Jan 31, 2019

Coups are becoming a thing of the past

Expand chart
Data: Powell and Thyne, 2019, "Coups d'état, 1950 to Present"; Chart: Chris Canipe/Axios

The world is waiting to see if the Venezuelan military will make a move to depose Venezuelan leader Nicolás Maduro as pressure from the streets and from foreign capitals grows. If it happens, it would be a truly anomalous event.

The big picture: Coups are becoming far rarer — particularly in Latin America, where there hasn't even been an attempt in nearly a decade, according to data compiled by Jonathan Powell of the University of Central Florida and Clayton Thyne of the University of Kentucky.

Driving the news: 2 men now claim to be Venezuela's president: Maduro and Juan Guaidó, the National Assembly leader whose rationale is that Maduro lacks a democratic mandate and he is next in the line of succession. Guaidó's claim is backed by the U.S. and more than 20 other countries.

  • The kingmaker here is the military. Simply naming oneself president does not constitute a coup, Thyne says. But if the military brass ultimately sides with Guaidó and removes Maduro by force, that would qualify.
  • "We’re looking at who did what to whom," Thyne says of determining what is and is not a coup. "The 'who' has to be an elite member of the state apparatus, oftentimes a general. The 'what' has to be an overt attempt to seize power illegally."

"Coups have become almost extinct in Latin America since the end of the Cold War," Powell says. They're becoming extremely rare in Africa as well.

3 reasons:

  1. The end of the Cold War meant not only that global powers were less likely to be actively fomenting coups, he says, but also that would-be coup plotters couldn’t bank on assistance after taking power.
  2. Democratic and economic development changed the calculus. "Coups are expensive, they're dangerous," Thyne says. "Particularly if you can just wait for the next election."
  3. International organizations like the Organization of American States and the African Union have "set strong precedents that this stuff is not going to be tolerated," Powell says.

The bottom line: The days of opportunistic military officers making a play for power seem to have come to an end. "I think what we’re going to see is that the coups that happen have a pretty strong argument behind them — look at the recent ones in Egypt, Honduras, Venezuela, Zimbabwe — so that the international backlash is limited," says Thyne.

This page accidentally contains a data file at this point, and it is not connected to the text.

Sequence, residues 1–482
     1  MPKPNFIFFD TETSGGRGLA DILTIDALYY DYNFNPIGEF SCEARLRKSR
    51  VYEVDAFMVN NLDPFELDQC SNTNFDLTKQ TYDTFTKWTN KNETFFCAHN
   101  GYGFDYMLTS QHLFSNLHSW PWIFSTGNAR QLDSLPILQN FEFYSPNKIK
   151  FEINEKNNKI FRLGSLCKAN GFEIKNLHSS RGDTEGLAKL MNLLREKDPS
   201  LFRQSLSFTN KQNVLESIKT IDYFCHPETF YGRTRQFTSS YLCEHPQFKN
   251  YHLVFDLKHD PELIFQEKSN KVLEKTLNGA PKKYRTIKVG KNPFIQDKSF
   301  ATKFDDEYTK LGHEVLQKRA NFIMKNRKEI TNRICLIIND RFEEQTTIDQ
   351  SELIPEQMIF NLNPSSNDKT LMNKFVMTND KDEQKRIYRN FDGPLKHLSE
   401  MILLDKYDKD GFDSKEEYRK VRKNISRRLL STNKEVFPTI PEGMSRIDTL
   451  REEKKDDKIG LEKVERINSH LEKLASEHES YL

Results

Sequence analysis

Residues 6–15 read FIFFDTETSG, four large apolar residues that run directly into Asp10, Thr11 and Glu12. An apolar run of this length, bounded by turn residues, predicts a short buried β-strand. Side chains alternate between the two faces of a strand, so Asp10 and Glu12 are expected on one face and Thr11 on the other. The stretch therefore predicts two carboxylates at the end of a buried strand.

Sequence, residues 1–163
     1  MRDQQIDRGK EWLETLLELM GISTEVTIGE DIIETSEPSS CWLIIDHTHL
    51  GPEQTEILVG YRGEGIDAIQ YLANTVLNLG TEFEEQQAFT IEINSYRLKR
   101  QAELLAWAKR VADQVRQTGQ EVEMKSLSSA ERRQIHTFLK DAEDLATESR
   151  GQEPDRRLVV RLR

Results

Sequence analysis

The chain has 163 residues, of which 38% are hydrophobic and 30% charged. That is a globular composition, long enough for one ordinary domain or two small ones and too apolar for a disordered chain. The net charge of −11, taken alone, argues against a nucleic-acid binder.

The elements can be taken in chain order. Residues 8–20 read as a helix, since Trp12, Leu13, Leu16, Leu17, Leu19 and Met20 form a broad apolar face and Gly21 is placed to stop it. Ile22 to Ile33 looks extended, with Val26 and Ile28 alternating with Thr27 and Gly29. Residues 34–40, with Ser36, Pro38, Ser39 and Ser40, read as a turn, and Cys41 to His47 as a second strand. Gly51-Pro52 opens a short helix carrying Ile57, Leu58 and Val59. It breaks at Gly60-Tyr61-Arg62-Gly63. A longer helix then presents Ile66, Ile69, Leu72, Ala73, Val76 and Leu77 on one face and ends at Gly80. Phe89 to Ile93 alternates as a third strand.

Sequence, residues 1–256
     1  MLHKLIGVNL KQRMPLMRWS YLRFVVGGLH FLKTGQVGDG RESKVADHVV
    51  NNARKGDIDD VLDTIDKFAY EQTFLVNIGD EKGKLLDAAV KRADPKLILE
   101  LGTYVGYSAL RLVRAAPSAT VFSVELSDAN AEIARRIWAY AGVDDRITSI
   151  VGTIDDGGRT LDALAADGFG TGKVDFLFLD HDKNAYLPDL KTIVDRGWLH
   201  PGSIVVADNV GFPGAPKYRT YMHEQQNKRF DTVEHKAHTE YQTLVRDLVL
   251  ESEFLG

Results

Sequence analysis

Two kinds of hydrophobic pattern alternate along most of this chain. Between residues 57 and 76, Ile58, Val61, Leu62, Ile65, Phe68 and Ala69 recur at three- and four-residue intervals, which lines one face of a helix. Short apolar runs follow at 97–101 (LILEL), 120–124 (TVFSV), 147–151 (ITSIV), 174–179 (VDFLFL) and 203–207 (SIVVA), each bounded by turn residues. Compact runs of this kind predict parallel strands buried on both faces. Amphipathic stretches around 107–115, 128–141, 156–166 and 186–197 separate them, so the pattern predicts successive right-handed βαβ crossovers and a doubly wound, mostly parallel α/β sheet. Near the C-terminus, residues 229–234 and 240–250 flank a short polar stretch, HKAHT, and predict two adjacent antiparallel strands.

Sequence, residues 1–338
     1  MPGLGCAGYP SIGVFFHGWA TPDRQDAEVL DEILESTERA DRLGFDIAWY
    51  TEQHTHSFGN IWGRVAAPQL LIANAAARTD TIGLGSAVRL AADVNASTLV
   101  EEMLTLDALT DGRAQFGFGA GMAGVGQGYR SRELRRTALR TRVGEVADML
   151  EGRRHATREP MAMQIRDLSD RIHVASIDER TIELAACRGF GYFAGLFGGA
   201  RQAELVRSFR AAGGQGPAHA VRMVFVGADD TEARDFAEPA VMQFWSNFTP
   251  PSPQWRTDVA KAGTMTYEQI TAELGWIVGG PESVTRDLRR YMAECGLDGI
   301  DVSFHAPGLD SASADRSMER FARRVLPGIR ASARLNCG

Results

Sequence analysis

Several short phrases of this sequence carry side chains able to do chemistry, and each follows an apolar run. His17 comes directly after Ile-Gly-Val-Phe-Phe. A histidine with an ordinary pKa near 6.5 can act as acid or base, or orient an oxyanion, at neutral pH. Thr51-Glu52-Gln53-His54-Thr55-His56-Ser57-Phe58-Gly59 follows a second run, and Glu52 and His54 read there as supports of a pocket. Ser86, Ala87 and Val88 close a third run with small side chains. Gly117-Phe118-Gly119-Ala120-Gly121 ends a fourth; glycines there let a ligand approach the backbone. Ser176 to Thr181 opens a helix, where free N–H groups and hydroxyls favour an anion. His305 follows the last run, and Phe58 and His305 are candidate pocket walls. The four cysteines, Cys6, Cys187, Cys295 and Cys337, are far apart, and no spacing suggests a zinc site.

What to watch: Those extreme circumstances typically involve an economic collapse, or crisis of legitimacy. "Coups have obviously become extremely rare, particularly in Latin America. But Venezuela has a lot of the conditions we'd expect if a coup were going to occur," says Powell.

Go deeper

China reopens Wuhan after 10-week coronavirus lockdown

People wearing facemasks stand near Yangtze River in Wuhan. Photo: HECTOR RETAMAL/AFP via Getty Images

China has lifted its lockdown of Wuhan, the city in Hubei province where the coronavirus outbreak was first reported in December, according to the New York Times.

Why it matters: As cases surged in January, China took the draconian step of sealing off the city of 11 million and shutting down its economy — a response that was viewed at the time as only possible in an authoritarian system, but which has since been adopted by governments around the world.

Go deeperArrow19 mins ago - Health

Coronavirus dashboard

Illustration: Sarah Grillo/Axios

  1. Global: Total confirmed cases as of 1 p.m. ET: 1,381,014— Total deaths: 78,269 — Total recoveries: 292,973Map.
  2. U.S.: Total confirmed cases as of 1 p.m. ET: 378,289 — Total deaths: 11,830 — Total recoveries: 20,003Map.
  3. Trump administration latest: Trump removes watchdog overseeing rollout of $2 trillion coronavirus bill
  4. Federal government latest: Senate looks to increase coronavirus relief for small businesses this week — Testing capacity is still lagging far behind demand.
  5. States update: New York death toll surged to its highest one-day total as state predicts a plateau in hospitalizations.
  6. 🎧 Podcast: The race to reopen America
  7. What should I do? Pets, moving and personal health. Answers about the virus from Axios expertsWhat to know about social distancingQ&A: Minimizing your coronavirus risk.
  8. Other resources: CDC on how to avoid the virus, what to do if you get it.

Subscribe to Mike Allen's Axios AM to follow our coronavirus coverage each morning from your inbox.

Trump removes watchdog overseeing rollout of $2 trillion coronavirus bill

Glenn Fine, acting Pentagon watchdog

President Trump on Monday replaced the Pentagon's acting Inspector General Glenn Fine, who had been selected to chair the panel overseeing the rollout of the $2 trillion coronavirus relief bill passed last month, Politico first reported.

Why it matters: A group of independent federal watchdogs selected Fine to lead the Pandemic Response Accountability Committee, but Fine's removal from his Pentagon job prevents him from being able to serve in that position — since the law only allows sitting inspectors general to fill the role.

Go deeperArrowUpdated 40 mins ago - Politics & Policy